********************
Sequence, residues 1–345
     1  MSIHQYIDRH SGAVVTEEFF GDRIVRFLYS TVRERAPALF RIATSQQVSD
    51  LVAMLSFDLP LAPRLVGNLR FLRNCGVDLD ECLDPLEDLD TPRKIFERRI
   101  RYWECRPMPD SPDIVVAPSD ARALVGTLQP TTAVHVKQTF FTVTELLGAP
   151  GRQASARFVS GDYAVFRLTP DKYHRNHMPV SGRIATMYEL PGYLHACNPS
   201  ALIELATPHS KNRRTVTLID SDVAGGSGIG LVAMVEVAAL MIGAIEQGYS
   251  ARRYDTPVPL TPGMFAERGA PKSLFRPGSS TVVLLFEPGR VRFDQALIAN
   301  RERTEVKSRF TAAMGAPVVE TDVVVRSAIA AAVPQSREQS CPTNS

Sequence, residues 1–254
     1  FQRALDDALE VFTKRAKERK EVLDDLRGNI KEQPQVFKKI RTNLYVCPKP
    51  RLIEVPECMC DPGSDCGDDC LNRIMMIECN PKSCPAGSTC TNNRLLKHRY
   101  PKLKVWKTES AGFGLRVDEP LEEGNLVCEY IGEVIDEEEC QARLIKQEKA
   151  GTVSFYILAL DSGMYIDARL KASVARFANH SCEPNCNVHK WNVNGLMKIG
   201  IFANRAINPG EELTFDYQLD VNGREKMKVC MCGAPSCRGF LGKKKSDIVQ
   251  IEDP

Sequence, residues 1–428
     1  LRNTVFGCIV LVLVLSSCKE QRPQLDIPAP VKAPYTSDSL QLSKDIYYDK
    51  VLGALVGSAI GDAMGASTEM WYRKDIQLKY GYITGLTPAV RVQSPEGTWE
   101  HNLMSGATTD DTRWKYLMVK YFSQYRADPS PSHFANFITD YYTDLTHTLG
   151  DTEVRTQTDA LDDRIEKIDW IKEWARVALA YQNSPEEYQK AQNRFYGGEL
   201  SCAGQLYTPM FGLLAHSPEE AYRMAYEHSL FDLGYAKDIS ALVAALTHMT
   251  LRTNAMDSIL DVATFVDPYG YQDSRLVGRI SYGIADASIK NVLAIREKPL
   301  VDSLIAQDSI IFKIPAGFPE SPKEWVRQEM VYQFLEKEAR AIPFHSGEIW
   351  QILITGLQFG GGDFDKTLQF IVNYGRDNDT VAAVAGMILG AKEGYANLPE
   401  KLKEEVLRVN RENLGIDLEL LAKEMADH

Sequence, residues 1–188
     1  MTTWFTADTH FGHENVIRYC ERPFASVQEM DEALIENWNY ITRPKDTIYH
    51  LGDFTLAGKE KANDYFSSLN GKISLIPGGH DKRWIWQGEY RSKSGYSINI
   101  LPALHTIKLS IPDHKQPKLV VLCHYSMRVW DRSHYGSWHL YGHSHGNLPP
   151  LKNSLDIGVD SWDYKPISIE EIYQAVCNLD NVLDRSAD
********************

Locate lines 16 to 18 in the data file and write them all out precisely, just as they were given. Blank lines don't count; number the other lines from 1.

Sequence, residues 1–428
     1  LRNTVFGCIV LVLVLSSCKE QRPQLDIPAP VKAPYTSDSL QLSKDIYYDK
    51  VLGALVGSAI GDAMGASTEM WYRKDIQLKY GYITGLTPAV RVQSPEGTWE